On March 7 northeast Mississippi’s Daily Journal published an article highlighting two Dome Technology domes being built as safe shelters near high schools in Pontotoc, Mississippi.
Both domes will stand 116 feet in diameter with a 23-foot-high dome atop a 14-foot stem wall. One safe shelter will service North Pontotoc High School, and the second will be located on South Pontotoc’s campus; the structures can shelter approximately 1,100 people apiece. Completion is expected in December 2017, and the shelters will be used as multi-purpose classrooms when not needed during storms.
Pontotoc County School District will pay 10 percent of the cost for each structure, and FEMA funds will cover the remaining 90 percent. According to the Daily Journal article, the school district will tack on an additional 10 percent in optional features.
Dome Technology builds freestanding safe shelters like these for communities all over the U.S., especially in areas prone to tornadoes and hurricanes. Often a portion of the construction cost is funded by FEMA grant dollars; through the Hazard Mitigation Grant Program, projects in accordance with ICC-500 codes can qualify for government funding covering a portion of the project’s exterior or shell.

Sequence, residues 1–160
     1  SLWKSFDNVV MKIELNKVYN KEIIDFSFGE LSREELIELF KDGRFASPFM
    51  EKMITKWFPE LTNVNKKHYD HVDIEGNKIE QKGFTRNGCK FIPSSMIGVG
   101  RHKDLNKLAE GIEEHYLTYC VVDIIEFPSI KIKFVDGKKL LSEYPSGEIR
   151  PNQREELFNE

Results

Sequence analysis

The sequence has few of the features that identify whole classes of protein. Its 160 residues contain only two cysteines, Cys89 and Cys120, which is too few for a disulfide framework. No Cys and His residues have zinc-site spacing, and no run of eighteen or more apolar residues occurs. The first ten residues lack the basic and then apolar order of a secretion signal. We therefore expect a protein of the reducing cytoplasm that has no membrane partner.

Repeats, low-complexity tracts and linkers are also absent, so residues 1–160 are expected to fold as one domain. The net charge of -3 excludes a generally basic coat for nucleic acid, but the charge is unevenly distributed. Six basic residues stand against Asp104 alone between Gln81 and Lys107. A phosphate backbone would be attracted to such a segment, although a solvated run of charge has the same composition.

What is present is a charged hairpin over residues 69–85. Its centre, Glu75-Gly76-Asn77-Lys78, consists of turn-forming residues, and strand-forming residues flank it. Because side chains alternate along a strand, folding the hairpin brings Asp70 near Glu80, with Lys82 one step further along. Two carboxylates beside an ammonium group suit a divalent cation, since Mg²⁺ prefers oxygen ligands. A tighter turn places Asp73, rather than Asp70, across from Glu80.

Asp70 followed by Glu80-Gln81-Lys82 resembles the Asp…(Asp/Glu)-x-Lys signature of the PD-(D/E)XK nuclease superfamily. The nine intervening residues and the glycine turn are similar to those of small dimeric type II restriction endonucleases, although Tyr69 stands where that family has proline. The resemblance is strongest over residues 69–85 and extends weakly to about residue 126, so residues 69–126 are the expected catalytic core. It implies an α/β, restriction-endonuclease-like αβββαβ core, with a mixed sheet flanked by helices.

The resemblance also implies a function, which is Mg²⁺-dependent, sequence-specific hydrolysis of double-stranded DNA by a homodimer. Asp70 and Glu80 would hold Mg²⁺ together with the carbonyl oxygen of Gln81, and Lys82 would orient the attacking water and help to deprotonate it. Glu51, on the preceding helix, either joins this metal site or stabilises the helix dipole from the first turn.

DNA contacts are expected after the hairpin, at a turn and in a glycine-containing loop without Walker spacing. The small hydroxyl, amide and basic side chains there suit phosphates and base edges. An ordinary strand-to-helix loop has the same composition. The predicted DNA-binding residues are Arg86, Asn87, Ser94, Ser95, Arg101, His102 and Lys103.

For a safe shelter to qualify for federal funds, certain qualities must be present. The structure must be able to withstand windborne debris, providing a protective layer that prevents penetration from outside objects. The shelter must tolerate specified sustained wind speeds; hurricane shelters must withstand up to 200 mph winds, and tornado shelters must withstand up to 250 mph winds. Sufficient open space must also be available inside for sheltering as many people as possible.
Dome Technology concrete domes can meet these criteria, and since 2012, the company has completed 20 safe-shelter projects.
Domes are especially suited for weather resistance thanks to geometry. Their robust nature “comes from the fact that the dome has a monolithic construction and also the shape of the dome—it helps distribute applied forces across the entire surface of the structure,” engineer for Dome Technology Mike Gibbs said.
For more information, visit our article on storm shelters.